A: “Lichen sclerosus ispresumedto be an autoimmune condition. We believe that at the bottom of the seven skin layers there’s a protein or series of proteins that the body recognizes as 'not self.' When this happens, the body builds an immune response to this protein that creates a layer of inflammation in the bottom layer of skin. It’s that layer of inflammation that causes the above layers to regenerate in a way that incorporates stiffer forms of collagen. This only happens where the protein is expressed - not the whole body - and this protein is usually expressed in the genital and perianal region. This is why lichen sclerosus is most often experienced in the vulvar area. The problem is we haven’t discovered what this protein is yet.”
Q: What does lichen sclerosus treatment look like?
A: “The gold standard of treatment at the moment is a topical corticosteroid to reduce inflammation. But because there are several layers of tissue between where you’re applying the steroid, and that bottom layer where the inflammation is occurring, I have my patients soak in warm water for 15-20 minutes before applying the steroid to soften the skin.”
Q: What does living with lichen sclerosus look like?
A: “Because this is a local immune response, symptoms can wax and wane in a flare cycle. There are multiple things that can affect that - diet, hormones, stress, and a number of other things. Many of my patients tell me they’ll get a flare right before their menstrual cycle or have noticed an increase or decrease in flares based on dietary choices.”
Q: What can I do to find relief?
A: The most important thing you can do is consult reputable resources like Dr. Krapf (on Instagram @jillkrapfmd), The Lichen Sclerosus Support Network, or @thelostlabiachronicles. Empower yourself with knowledge and find a tribe that can lend support!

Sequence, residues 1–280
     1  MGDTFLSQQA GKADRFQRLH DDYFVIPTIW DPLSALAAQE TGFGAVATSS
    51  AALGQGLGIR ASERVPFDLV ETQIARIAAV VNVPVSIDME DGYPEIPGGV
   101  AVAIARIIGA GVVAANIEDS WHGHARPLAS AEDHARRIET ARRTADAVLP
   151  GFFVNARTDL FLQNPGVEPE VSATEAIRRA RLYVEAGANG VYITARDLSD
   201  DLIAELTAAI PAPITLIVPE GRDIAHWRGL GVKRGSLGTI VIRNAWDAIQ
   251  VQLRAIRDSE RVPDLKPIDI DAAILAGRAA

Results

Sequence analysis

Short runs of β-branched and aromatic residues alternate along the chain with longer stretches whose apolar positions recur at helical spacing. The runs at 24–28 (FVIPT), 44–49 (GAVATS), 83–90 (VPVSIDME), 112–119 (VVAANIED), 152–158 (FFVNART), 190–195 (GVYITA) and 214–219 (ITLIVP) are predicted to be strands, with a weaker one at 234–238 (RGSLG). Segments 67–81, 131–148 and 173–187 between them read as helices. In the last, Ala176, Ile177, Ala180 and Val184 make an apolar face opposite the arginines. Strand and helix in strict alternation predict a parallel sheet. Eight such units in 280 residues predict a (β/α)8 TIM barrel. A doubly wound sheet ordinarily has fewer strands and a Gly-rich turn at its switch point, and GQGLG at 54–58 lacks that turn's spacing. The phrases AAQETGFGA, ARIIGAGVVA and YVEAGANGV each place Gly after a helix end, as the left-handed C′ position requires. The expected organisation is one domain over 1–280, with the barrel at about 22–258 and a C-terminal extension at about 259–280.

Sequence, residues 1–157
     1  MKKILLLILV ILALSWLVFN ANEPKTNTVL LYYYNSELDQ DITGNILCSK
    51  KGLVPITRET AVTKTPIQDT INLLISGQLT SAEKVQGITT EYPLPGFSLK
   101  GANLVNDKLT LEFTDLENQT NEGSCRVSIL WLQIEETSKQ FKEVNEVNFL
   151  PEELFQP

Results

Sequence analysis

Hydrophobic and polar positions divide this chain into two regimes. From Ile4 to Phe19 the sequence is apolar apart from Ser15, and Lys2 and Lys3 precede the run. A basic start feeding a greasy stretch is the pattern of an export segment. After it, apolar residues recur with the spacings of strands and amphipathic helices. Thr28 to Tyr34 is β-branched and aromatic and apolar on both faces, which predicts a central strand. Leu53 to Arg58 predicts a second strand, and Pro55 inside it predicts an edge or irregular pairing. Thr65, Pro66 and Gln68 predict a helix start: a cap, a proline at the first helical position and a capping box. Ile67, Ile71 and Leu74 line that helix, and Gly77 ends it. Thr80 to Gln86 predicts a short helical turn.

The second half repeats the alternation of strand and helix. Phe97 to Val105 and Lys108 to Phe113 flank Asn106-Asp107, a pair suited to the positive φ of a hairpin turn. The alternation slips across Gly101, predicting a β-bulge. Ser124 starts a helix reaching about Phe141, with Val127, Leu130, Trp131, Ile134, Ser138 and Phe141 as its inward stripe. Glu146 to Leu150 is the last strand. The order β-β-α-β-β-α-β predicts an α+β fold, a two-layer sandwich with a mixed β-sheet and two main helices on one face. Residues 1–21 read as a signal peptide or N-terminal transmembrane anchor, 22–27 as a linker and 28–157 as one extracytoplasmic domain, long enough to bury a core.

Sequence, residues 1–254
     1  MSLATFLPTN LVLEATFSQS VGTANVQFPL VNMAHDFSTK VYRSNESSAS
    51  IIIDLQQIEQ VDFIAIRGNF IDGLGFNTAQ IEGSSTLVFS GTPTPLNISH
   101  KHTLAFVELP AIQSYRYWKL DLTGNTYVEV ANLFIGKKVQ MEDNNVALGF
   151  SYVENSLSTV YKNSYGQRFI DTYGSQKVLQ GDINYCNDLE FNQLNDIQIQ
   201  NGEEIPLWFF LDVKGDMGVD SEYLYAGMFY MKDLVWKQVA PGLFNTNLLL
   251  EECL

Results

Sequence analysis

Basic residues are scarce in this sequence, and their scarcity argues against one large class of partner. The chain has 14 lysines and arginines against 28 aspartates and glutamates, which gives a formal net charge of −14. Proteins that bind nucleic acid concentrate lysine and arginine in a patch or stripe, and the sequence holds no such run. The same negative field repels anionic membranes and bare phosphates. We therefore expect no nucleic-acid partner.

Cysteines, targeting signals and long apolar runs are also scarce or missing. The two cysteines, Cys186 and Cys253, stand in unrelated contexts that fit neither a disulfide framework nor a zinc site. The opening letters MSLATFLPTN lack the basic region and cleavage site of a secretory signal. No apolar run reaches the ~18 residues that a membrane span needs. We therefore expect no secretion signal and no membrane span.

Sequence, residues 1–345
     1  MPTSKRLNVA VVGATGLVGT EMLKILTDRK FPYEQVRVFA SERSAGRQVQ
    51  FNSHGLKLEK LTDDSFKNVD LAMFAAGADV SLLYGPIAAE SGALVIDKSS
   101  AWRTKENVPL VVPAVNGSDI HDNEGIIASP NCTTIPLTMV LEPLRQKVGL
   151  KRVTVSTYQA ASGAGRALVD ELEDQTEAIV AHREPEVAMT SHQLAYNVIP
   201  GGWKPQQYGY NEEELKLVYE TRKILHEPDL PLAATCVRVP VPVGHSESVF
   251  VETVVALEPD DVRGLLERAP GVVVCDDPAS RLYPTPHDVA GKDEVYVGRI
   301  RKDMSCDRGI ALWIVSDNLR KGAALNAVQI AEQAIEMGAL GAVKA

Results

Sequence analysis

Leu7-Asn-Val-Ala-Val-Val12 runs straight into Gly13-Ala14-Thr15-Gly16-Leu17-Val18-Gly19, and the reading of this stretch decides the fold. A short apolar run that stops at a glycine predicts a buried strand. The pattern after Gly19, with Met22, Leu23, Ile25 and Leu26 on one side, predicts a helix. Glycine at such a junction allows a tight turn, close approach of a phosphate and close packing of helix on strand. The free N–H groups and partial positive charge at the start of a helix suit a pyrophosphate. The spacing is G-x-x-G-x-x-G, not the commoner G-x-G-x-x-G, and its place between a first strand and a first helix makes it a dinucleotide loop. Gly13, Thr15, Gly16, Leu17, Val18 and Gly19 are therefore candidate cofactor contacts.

If you’re looking for sweet relief from dryness, irritation, stinging and itch, Rescue Balm, thanks to its clean formulation free-from all known irritants, may be used in adjunct to prescription based medications. Safety tested and approved by both dermatologists and gynecologists, it contains effective levels of naturally-derived actives like allantoin, zinc oxide, and prebiotic colloidal oatmeal to soothe and nourish the skin while reinforcing the skin’s natural defenses and forming a protective barrier to help make everyday activity and function more comfortable.
Q: What can I do to help advocate for the lichen sclerosus cause?
A: “It’s really hard to get funding for this research. Other more well-known conditions get a lot of publicity and support, whereas lichen sclerosus doesn’t. Lichen Sclerosus Support Network has plans to help, so I would recommend people support that organization. The other thing you can do is volunteer for clinical trials. We need to know what’s happening before treatment and after treatment.”
Remember there is no shame in seeking help! Vulvar skin is skin, after all - it deserves the same treatment you give the more visible parts of yourself.
Let's Talk About: Lichen Sclerosus
Check out our recent live virtual event with SSL CEO Julie Chamberlain, pelvic pain specialist Dr. Jill Krapf & Kathy Ruiz-Carter, from The Lichen Sclerosus Support Network.